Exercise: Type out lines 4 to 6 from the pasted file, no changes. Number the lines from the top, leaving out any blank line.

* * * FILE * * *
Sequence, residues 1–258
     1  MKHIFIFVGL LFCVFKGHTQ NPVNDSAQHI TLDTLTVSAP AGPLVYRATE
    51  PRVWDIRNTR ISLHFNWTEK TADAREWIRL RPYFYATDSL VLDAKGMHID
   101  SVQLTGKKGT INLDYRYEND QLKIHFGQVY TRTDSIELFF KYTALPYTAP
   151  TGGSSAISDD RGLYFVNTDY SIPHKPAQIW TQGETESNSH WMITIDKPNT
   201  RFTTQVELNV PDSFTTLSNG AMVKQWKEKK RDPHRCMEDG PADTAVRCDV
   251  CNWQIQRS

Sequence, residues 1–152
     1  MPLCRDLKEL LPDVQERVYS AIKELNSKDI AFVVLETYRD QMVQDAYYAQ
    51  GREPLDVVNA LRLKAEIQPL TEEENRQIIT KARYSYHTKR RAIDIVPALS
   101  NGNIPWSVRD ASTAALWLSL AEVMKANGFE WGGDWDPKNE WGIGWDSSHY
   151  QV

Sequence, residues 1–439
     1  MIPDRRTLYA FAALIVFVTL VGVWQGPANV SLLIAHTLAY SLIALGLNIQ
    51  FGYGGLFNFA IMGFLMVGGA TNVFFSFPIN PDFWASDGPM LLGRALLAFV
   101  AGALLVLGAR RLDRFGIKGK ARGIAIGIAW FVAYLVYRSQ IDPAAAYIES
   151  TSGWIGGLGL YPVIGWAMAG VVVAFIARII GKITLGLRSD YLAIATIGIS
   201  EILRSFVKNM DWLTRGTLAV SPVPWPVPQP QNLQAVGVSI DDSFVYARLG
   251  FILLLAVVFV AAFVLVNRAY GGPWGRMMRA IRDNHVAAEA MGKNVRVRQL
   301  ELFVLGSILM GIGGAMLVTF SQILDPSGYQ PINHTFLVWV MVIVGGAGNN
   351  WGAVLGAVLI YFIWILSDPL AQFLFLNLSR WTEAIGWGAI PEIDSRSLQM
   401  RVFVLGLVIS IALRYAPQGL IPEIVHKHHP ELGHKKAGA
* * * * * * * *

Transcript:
   101  SVQLTGKKGT INLDYRYEND QLKIHFGQVY TRTDSIELFF KYTALPYTAP
   151  TGGSSAISDD RGLYFVNTDY SIPHKPAQIW TQGETESNSH WMITIDKPNT
   201  RFTTQVELNV PDSFTTLSNG AMVKQWKEKK RDPHRCMEDG PADTAVRCDV